Structure-based reaction mechanism of oleate hydratase from Elizabethkingia meningoseptica

Matthias Engleder, Tea Pavkov-Keller, Anita Emmerstorfer-Augustin, Altijana Hromic, Sabine Schrempf, Georg Steinkellner, Tamara Wriessnegger, Erich Leitner, Gernot Strohmeier, Iwona Kaluzna, Mink Daniel, Schürmann Martin, Silvia Wallner, Peter Macheroux, Karl Gruber, Harald Pichler

Publikation: KonferenzbeitragPosterForschungBegutachtung

Abstract

Hydratases provide access to secondary and tertiary alcohols by regio- and/or stereospecific addition of water to carbon-carbon double bonds. Thereby, hydroxyl groups are selectively introduced without the need for costly co-factor recycling. A number of chemical hydration reactions are impossible currently, for example the regioselective hydration of the cis-9 double bond of oleic acid to yield (R)-10-hydroxy stearic acid, which is the reaction performed by oleate hydratases1. Currently, the applicability of hydratases on an industrial scale is limited primarily by their narrow substrate scope and by restricted information on protein structure and mechanism. Here, the recombinant oleate hydratase originating from Elizabethkingia meningoseptica was biochemically and structurally characterized in the presence of the flavin cofactor. Remarkably, the redox state of FAD does play a role in the bioconversion of oleic acid to (R)-10-hydroxy stearic acid. Deprivation of FAD abolished hydration activity. Reduction of the cofactor to FADH2 enhanced the turnover rate of the reaction by roughly one order of magnitude. Rational amino acid exchange experiments strongly suggest that E122 acts as base and that Y241 concomitantly provides protons in this concerted reaction. Based on the highly conserved regions among oleate hydratases, we are confident that our findings will pave the way for developing this enzyme class for industrial applications in the near future.
Originalspracheenglisch
PublikationsstatusVeröffentlicht - 23 Apr 2017
Veranstaltung9th Conference on Recombinant Protein Production (RPP9) - Dubrovnik, Kroatien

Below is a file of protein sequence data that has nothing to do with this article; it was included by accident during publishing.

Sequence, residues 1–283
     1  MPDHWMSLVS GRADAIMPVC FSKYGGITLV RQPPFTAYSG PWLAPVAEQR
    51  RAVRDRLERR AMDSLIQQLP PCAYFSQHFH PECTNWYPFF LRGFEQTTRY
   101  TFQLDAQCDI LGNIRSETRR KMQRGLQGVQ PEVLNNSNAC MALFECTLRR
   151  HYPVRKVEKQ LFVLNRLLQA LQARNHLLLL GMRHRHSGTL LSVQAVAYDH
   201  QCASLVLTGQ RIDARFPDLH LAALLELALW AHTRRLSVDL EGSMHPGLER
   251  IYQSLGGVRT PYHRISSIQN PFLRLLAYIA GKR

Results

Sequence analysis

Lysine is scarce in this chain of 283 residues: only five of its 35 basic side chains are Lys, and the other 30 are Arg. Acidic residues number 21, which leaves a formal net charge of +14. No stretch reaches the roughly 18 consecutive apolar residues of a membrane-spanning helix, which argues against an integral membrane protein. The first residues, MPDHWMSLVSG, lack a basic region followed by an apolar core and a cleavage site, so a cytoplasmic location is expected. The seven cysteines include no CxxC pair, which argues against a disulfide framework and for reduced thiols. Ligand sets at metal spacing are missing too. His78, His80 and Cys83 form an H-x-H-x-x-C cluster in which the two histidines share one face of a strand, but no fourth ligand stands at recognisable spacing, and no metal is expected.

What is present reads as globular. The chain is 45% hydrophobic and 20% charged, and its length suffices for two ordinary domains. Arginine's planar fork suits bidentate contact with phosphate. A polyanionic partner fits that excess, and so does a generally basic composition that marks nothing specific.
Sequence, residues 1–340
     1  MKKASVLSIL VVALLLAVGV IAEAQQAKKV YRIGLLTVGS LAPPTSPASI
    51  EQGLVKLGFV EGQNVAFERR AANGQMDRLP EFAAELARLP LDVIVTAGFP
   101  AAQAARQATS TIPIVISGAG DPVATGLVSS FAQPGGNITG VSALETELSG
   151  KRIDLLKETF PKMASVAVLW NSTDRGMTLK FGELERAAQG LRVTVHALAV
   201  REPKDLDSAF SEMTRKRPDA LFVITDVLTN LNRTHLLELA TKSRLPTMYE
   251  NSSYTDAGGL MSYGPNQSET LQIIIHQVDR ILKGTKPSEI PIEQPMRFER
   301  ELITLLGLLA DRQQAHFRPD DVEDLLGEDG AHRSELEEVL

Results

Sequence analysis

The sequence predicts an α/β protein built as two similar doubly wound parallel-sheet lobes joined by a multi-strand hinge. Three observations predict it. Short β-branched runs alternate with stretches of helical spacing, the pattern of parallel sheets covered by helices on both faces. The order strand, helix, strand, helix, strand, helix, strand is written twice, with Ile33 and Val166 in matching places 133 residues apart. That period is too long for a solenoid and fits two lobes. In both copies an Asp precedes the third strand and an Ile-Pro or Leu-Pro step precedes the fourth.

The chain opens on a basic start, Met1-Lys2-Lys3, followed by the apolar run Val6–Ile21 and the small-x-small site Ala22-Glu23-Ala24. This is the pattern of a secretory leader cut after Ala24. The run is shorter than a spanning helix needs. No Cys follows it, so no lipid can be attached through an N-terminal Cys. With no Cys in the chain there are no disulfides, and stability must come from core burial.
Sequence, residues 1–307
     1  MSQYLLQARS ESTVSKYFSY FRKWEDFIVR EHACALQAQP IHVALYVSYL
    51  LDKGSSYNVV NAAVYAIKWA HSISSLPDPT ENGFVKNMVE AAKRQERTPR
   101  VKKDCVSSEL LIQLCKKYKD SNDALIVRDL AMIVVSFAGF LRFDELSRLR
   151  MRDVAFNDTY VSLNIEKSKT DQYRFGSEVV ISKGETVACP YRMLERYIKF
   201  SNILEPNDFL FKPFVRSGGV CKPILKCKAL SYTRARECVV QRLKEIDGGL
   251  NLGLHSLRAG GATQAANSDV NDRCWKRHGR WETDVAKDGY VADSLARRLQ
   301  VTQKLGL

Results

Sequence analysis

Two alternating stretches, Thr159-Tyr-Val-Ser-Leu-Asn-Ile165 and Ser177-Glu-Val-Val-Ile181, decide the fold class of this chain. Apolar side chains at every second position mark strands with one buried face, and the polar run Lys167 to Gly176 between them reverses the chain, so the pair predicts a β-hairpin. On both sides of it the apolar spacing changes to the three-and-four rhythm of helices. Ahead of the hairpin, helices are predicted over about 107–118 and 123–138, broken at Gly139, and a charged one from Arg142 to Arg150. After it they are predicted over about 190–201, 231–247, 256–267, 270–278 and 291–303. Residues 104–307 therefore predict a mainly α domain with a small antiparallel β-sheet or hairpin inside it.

Dauer: 23 Apr 201725 Apr 2017

Konferenz

Konferenz9th Conference on Recombinant Protein Production (RPP9)
KurztitelRPP9
LandKroatien
OrtDubrovnik
Zeitraum23/04/1725/04/17

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Hydro-Lyases
Oleic Acid
Hydration
Flavin-Adenine Dinucleotide
Carbon
Bioconversion
Recycling
Hydroxyl Radical
Industrial applications
Oxidation-Reduction
Protons
Thermodynamic properties
Alcohols
Amino Acids
Water
Substrates
Enzymes
Proteins
Experiments

ASJC Scopus subject areas

  • !!Biochemistry, Genetics and Molecular Biology(all)

Fields of Expertise

  • Human- & Biotechnology

Treatment code (Nähere Zuordnung)

  • Application
  • Basic - Fundamental (Grundlagenforschung)
  • Experimental

Kooperationen

  • NAWI Graz
  • BioTechMed-Graz

Dies zitieren

Engleder, M., Pavkov-Keller, T., Emmerstorfer-Augustin, A., Hromic, A., Schrempf, S., Steinkellner, G., ... Pichler, H. (2017). Structure-based reaction mechanism of oleate hydratase from Elizabethkingia meningoseptica. Postersitzung präsentiert bei 9th Conference on Recombinant Protein Production (RPP9) , Dubrovnik, Kroatien.

Structure-based reaction mechanism of oleate hydratase from Elizabethkingia meningoseptica. / Engleder, Matthias; Pavkov-Keller, Tea; Emmerstorfer-Augustin, Anita; Hromic, Altijana; Schrempf, Sabine; Steinkellner, Georg; Wriessnegger, Tamara; Leitner, Erich; Strohmeier, Gernot; Kaluzna, Iwona; Daniel, Mink; Martin, Schürmann; Wallner, Silvia; Macheroux, Peter; Gruber, Karl; Pichler, Harald.

2017. Postersitzung präsentiert bei 9th Conference on Recombinant Protein Production (RPP9) , Dubrovnik, Kroatien.

Publikation: KonferenzbeitragPosterForschungBegutachtung

Engleder M, Pavkov-Keller T, Emmerstorfer-Augustin A, Hromic A, Schrempf S, Steinkellner G et al. Structure-based reaction mechanism of oleate hydratase from Elizabethkingia meningoseptica. 2017. Postersitzung präsentiert bei 9th Conference on Recombinant Protein Production (RPP9) , Dubrovnik, Kroatien.